Polk County Enterprise - Local News
Stories Added - October 2008
Copyright 2008 - Polk County Publishing Company
Water suppliers weren’t ready for Ike’s arrival
Polk County Enterprise - October 2008
When the lights went out during Hurricane Ike, the larger water utilities were able to keep their customers supplied, others had outages of a week or more. Residents throughout the county are asking their providers when they’ll adopt measures to ensure power outages don’t automatically cause water outages. Why were some water systems up and running and others were not? Did some companies adopt emergency preparedness measures after Hurricane Rita three years ago and others believe that storm to be one in a hundred years? Are there regulations requiring water suppliers to continue service for health and sanitary concerns? These are a sample of questions recently voiced by many county residents. The answers to some questions are simple. Others are not. Some water suppliers did not lose service.
Other providers had service to customers within one to two days while others were, rather ironically, “dead in the water” until electricity was fully restored. Water suppliers’s duties are laid out in the Texas Administrative Code, Title 30, Chapter 290, Subchapter D, Section 290.45 and the Texas Commission on Environmental Quality (TCEQ) oversees and enforces these lengthy and complicated regulations. Under the code, requirements for water storage, well capacity, gallons per minute, pressure maintenance and many other technical aspects of water service are outlined in detail. When customers are without service they expect on a daily basis, they do not care how complicated the regulations are. They simply want the service they paid for with hard-earned dollars. This week the Enterprise asked each of water suppliers in the area about their disaster plans and it revealed a wide spectrum of services in Polk County. Here are some of the responses we received. Onalaska Onalaska Water & Gas serves approximately 1,500 customers. Only one subdivision in their service area lost service after Hurricane Ike.
Those customers were without water for a few hours while a storm-related leak was repaired. The cooperative owns and maintains its own generators. Livingston The City of Livingston serves approximately 2,700 customers. The city provided continuous water and sewer service to customers using natural gas generators when electrical service went down. Memorial Point Memorial Point Utility District serves about 500 customers. Service was interrupted from Saturday until Monday. Memorial Point uses contractors from Houston for maintenance and operation of the district. Lake Livingston Lake Livingston Water Supply (LLWS) serves 113 subdivisions and approximately 6,800 customers and represents the largest customer base in the county. Some of the subdivisions they serve are located in other counties. LLWS customers were without service until electric power was restored in each subdivision. Tempe Tempe Water Supply serves approximately 2,000 customers with five water systems.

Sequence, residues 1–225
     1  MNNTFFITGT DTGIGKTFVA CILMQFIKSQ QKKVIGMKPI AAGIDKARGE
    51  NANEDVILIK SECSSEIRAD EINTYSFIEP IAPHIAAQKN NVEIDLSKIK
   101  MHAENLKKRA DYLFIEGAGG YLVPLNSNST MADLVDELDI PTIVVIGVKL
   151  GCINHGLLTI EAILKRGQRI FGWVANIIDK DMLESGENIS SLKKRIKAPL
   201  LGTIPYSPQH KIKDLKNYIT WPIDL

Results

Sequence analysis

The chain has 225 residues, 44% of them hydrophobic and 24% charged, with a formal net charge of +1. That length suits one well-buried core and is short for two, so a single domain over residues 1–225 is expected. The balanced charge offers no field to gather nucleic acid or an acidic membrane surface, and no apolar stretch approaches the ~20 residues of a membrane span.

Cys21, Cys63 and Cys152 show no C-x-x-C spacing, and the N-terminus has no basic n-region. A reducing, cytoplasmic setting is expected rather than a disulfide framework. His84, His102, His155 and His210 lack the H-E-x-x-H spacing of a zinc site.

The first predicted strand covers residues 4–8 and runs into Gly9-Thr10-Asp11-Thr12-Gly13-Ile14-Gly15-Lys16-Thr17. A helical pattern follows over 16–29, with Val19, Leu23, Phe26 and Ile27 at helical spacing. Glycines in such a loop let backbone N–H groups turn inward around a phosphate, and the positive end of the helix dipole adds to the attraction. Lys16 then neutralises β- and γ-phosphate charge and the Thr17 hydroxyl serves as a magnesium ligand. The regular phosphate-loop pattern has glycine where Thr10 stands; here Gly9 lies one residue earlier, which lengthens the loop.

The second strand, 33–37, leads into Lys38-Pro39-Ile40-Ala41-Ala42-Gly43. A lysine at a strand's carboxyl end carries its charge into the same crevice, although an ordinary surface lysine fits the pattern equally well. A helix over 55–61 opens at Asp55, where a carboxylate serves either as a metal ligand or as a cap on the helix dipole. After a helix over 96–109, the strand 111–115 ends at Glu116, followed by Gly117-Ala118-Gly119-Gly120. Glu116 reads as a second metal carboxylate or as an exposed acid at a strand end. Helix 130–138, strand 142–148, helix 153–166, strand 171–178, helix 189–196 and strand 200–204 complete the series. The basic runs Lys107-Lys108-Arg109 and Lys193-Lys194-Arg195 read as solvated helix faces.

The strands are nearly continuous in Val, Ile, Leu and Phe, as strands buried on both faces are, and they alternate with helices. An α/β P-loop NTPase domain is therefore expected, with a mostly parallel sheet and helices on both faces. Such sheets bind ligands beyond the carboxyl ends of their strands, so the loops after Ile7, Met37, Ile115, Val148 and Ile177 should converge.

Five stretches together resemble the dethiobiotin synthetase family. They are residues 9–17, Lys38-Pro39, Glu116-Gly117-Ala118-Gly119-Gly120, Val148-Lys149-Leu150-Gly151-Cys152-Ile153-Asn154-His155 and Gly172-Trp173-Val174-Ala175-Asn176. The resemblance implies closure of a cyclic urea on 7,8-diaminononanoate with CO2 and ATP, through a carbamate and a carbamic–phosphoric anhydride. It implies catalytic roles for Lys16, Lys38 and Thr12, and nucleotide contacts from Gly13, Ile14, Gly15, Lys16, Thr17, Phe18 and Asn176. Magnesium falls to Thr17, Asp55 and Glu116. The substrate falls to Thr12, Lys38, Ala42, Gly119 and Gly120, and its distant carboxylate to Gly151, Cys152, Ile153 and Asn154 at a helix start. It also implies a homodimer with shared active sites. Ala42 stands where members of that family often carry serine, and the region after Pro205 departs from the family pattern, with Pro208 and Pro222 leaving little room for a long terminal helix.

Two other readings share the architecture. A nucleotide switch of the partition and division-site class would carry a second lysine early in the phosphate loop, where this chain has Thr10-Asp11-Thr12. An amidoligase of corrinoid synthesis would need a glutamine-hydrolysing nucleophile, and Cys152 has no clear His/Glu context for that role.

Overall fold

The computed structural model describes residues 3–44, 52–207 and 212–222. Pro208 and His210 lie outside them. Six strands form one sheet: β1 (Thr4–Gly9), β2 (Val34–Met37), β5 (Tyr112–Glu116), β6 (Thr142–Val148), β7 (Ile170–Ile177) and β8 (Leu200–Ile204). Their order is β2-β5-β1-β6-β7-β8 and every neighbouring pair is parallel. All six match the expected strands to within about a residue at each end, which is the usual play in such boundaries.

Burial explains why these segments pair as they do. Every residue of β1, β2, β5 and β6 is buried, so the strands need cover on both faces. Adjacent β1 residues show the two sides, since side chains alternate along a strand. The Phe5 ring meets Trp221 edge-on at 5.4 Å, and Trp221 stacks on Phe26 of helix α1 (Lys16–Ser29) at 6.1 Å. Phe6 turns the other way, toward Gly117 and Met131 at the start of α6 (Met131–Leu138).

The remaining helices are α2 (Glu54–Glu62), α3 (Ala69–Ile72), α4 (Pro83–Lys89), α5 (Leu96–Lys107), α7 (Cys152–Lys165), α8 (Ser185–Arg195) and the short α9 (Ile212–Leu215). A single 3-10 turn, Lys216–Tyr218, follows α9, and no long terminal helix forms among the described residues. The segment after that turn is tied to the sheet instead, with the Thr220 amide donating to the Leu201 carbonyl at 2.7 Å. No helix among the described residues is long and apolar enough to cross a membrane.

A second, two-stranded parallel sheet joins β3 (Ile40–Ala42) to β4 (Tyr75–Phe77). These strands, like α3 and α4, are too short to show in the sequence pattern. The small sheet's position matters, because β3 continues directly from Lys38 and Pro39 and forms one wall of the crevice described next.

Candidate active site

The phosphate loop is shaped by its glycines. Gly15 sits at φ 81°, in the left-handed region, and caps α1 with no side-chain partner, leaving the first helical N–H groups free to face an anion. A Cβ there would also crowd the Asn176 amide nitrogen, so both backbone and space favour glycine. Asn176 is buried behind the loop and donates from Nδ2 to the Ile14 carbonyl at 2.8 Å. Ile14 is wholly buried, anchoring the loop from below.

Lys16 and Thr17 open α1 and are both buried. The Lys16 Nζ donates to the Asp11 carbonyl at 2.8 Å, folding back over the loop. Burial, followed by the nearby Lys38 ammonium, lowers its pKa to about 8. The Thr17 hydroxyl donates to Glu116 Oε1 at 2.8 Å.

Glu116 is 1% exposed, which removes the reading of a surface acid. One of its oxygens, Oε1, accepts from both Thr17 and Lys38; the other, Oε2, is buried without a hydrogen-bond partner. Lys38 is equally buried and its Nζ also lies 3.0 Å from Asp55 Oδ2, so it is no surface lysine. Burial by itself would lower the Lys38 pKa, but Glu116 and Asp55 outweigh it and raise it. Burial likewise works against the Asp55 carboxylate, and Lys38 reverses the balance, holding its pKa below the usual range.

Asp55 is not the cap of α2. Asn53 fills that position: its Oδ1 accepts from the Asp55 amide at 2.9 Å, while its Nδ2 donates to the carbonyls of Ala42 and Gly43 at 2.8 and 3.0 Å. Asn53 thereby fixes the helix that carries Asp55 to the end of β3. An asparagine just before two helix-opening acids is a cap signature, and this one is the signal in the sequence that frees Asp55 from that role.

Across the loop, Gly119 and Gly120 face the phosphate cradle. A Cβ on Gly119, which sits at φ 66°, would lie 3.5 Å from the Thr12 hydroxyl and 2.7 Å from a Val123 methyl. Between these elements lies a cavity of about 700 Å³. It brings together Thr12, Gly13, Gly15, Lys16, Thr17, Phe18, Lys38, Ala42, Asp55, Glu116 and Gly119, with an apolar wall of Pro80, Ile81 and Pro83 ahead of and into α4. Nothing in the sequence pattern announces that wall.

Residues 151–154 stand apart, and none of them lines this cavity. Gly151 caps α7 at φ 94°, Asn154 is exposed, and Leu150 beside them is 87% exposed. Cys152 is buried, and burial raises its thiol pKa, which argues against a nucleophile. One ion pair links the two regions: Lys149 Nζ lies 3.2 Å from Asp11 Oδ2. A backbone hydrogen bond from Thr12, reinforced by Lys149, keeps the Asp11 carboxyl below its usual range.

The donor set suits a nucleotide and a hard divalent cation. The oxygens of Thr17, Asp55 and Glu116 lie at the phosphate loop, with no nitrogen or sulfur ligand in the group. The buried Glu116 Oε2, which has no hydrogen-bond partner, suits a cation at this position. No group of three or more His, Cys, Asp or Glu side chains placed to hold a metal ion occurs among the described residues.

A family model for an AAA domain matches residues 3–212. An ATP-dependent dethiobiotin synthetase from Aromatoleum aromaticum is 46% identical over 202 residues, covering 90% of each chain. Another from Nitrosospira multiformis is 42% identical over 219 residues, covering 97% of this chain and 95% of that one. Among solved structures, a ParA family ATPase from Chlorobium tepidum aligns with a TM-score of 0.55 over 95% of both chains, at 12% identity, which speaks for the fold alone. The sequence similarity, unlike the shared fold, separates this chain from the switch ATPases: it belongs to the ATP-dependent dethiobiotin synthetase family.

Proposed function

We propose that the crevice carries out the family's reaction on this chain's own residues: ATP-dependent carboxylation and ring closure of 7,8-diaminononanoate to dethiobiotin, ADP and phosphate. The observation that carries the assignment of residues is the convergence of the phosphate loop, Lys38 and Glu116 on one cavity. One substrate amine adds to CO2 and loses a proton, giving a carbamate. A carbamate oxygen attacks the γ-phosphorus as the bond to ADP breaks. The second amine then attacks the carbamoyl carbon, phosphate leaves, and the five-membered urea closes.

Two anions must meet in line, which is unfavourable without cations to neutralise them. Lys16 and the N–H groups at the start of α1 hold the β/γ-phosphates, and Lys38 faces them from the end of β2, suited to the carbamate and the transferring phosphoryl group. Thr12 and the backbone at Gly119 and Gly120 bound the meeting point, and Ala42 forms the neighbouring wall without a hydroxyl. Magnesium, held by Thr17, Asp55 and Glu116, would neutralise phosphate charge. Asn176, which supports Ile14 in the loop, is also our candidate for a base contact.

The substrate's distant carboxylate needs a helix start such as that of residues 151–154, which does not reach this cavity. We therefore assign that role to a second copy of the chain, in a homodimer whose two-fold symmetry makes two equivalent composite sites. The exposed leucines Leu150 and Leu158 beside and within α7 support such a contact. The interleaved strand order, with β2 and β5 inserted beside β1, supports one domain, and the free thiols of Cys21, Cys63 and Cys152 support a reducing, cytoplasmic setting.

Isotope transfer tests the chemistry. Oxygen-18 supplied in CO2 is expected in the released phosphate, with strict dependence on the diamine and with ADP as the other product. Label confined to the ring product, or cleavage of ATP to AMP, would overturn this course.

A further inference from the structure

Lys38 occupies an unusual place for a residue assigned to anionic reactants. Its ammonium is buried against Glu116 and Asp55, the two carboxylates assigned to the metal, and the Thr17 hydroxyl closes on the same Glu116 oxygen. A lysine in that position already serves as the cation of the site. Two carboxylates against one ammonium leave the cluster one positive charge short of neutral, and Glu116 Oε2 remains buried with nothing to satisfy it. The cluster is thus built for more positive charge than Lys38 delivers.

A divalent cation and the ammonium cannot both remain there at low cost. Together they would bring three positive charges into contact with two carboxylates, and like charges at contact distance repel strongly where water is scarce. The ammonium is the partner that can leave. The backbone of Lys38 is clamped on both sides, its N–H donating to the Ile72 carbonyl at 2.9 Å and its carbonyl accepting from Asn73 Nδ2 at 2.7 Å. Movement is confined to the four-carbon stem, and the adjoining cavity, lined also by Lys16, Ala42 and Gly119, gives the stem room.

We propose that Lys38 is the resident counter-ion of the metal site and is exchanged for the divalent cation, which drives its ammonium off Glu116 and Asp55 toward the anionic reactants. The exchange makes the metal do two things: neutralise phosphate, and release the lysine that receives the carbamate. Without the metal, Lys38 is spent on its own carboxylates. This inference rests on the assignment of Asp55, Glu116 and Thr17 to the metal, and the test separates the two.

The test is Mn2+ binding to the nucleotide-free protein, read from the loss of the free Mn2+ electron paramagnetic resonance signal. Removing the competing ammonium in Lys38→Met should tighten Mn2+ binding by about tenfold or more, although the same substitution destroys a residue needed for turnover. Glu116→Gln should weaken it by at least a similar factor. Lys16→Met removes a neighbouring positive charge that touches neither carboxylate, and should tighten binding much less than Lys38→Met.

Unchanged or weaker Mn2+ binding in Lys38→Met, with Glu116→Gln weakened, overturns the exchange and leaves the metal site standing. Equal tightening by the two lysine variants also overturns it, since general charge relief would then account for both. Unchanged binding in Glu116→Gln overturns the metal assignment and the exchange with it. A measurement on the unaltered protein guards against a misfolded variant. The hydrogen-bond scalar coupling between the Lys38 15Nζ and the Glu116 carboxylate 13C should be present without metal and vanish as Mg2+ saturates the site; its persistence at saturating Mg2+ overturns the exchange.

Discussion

Diesel and propane generators were purchased after Hurricane Rita and set at well sites. Due to storm-related leaks, some customers were without service for one to two days; however, the majority of customers experienced no interruption. Leggett Leggett Water Supply serves approximately 550 customers with three wells. Emergency plans included purchasing three diesel generators after Hurricane Rita. Service was not disrupted to customers. Pure Pure Utilities serves less than 1,000 customers. Customers received delayed services due to storm-related leaks. Portable generators were used on a rotating basis to provide temporary service to some customers while others had no service until electricity was available. The majority of customers were without service at some time after the storm. The Enterprise attempted to contact other area water suppliers, however, many were unavailable.